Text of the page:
GA-ASI to deliver 13 more Protector RPAS for British RAF
Join Our Newsletter - Get important industry news and analysis sent to your inbox – sign up to our e-Newsletter here
X

GA-ASI to deliver 13 more Protector RPAS for British RAF

23 Jul 2021 (Last Updated July 23rd, 2021 12:00)

Protector is expected to enter service with the British Royal Air Force in 2024.

GA-ASI to deliver 13 more Protector RPAS for British RAF
Once operational, Protector will double the capability currently provided by Reaper. Credit: General Atomics.

General Atomics Aeronautical Systems (GA-ASI) has been awarded a contract to produce and deliver 13 more Protector RG Mk1 Remotely Piloted Air Systems (RPAS) to the British Royal Air Force (RAF).

The UK Ministry of Defence (MoD) has confirmed the signing of a £195m contract with the company.

In July last year, the UK MoD announced a production contract for the first three Protector RPAS.

This contract included three ground stations and associated support equipment as well as the option to purchase another 13 aircraft to complete the RAF’s planned fleet of 16 Protector aircraft.

Protector is expected to enter service in 2024 and will double the capability currently provided by Reaper once operational.

UK Defence Minister Jeremy Quin said: “Our fleet of sixteen Protector aircraft equipped with ultra-modern technology will provide the RAF with a vast global reach allowing us to monitor and protect the battlespace for hours on end.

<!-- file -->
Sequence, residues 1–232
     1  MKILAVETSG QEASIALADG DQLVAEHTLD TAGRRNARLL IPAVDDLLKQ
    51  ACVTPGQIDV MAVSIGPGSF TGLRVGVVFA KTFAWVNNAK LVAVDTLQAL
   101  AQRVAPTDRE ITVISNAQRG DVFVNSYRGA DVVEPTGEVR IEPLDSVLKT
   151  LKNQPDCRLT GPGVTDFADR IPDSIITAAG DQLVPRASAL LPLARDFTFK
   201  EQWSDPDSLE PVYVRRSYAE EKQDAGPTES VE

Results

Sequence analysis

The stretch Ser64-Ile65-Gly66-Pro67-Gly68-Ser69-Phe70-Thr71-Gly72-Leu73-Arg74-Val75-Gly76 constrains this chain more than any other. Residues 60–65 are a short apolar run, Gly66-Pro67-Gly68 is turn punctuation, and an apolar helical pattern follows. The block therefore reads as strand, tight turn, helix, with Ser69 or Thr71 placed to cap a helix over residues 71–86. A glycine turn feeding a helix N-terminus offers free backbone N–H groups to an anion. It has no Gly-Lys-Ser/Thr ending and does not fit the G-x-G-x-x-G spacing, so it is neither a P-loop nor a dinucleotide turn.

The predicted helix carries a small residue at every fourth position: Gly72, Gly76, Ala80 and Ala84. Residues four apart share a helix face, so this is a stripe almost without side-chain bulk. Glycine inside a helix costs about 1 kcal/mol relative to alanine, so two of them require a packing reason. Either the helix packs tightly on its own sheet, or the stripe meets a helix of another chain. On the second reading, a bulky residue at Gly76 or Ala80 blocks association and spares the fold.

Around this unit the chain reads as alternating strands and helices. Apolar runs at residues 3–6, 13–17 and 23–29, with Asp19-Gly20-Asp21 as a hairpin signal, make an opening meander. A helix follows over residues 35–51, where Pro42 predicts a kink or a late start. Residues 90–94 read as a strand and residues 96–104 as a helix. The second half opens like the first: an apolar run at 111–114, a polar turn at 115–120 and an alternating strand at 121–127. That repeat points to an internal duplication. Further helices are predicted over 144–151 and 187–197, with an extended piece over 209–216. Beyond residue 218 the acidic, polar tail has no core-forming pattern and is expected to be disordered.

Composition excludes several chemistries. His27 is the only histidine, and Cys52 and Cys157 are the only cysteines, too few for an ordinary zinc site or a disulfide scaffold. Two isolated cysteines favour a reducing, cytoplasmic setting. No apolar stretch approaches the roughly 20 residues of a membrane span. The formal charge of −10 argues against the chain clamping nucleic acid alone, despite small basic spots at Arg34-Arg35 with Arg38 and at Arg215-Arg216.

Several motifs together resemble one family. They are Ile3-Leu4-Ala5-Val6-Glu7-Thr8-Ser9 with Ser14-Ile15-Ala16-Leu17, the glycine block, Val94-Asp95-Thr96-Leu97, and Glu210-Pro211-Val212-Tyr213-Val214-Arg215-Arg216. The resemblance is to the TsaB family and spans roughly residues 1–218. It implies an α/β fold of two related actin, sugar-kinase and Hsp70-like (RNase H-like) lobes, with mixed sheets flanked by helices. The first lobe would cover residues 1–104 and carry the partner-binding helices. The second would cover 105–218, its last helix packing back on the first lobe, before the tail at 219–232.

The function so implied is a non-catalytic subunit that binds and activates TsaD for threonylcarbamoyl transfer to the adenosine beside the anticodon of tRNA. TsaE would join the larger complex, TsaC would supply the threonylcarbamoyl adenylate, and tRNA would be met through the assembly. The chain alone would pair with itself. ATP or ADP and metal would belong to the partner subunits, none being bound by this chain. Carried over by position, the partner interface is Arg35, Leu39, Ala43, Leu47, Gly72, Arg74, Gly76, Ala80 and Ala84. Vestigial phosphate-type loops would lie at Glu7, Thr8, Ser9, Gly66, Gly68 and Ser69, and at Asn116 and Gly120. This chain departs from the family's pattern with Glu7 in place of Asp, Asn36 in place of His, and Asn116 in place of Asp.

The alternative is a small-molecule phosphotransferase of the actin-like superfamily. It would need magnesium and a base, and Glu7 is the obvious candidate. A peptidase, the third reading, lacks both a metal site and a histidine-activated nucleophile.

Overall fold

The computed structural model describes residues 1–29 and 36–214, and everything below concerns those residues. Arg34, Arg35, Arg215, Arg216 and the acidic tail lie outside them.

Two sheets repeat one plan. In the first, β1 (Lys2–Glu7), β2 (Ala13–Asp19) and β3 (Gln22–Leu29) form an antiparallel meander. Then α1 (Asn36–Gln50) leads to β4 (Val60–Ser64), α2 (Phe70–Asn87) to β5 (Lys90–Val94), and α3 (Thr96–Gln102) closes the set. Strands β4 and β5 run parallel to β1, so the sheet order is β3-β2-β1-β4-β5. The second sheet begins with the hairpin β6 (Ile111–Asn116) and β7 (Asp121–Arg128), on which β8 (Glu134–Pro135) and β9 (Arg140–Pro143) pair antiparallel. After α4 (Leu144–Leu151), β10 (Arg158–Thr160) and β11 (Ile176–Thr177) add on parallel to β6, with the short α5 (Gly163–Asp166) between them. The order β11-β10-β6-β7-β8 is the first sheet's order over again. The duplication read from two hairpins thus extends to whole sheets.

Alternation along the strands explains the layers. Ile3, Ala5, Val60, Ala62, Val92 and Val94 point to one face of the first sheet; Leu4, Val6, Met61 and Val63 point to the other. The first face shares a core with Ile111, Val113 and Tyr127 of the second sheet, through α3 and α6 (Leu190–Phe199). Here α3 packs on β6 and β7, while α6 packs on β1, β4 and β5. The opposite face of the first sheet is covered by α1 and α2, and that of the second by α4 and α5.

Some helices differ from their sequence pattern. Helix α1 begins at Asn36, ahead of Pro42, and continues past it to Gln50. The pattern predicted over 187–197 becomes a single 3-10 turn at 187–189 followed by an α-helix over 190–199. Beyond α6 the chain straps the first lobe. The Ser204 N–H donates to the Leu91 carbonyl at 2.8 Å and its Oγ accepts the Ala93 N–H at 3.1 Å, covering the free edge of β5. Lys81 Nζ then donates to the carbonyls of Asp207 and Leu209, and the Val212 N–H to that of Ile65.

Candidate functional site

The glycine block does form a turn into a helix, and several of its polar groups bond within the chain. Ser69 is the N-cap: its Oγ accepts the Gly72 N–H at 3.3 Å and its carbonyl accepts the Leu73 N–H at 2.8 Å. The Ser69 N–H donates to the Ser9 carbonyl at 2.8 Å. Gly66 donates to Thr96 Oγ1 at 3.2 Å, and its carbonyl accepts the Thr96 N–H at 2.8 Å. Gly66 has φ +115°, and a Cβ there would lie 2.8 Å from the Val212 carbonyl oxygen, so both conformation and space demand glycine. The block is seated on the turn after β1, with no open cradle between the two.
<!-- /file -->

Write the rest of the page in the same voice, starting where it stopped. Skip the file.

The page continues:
“The Protector programme involves industry across the UK with vital parts of the aircraft manufactured on the Isle of Wight, supporting highly skilled jobs for years to come.”

Delivery of the first Protector aircraft to the RAF is expected in 2023.

A key feature of Protector is its ability to fly in non-segregated airspace shared by commercial air traffic, which sets it apart from some other UAS.

Expected to replace the Reaper RPAS, Protector aircraft will primarily be used for intelligence, surveillance, targeting and reconnaissance (ISTAR) operations. It can also be used to support civilian agencies if requested.

The aircraft can fly for 40 hours once airborne.

The aircraft can also be equipped with precision strike weapons, including MBDA’s Brimstone missile and Raytheon UK’s Paveway IV laser-guided bomb.

GA-ASI CEO Linden Blue said: “This commitment for 13 additional unmanned aircraft confirms the long-term confidence of the UK MoD and the Royal Air Force in the MQ-9B system and the Protector programme.

“The MQ-9B system will bring unparalleled reconnaissance capability to the RAF and help to ensure the security of the UK and its allies.”

In September last year, the UK’s first Protector RG Mk1 RPAS made its maiden flight.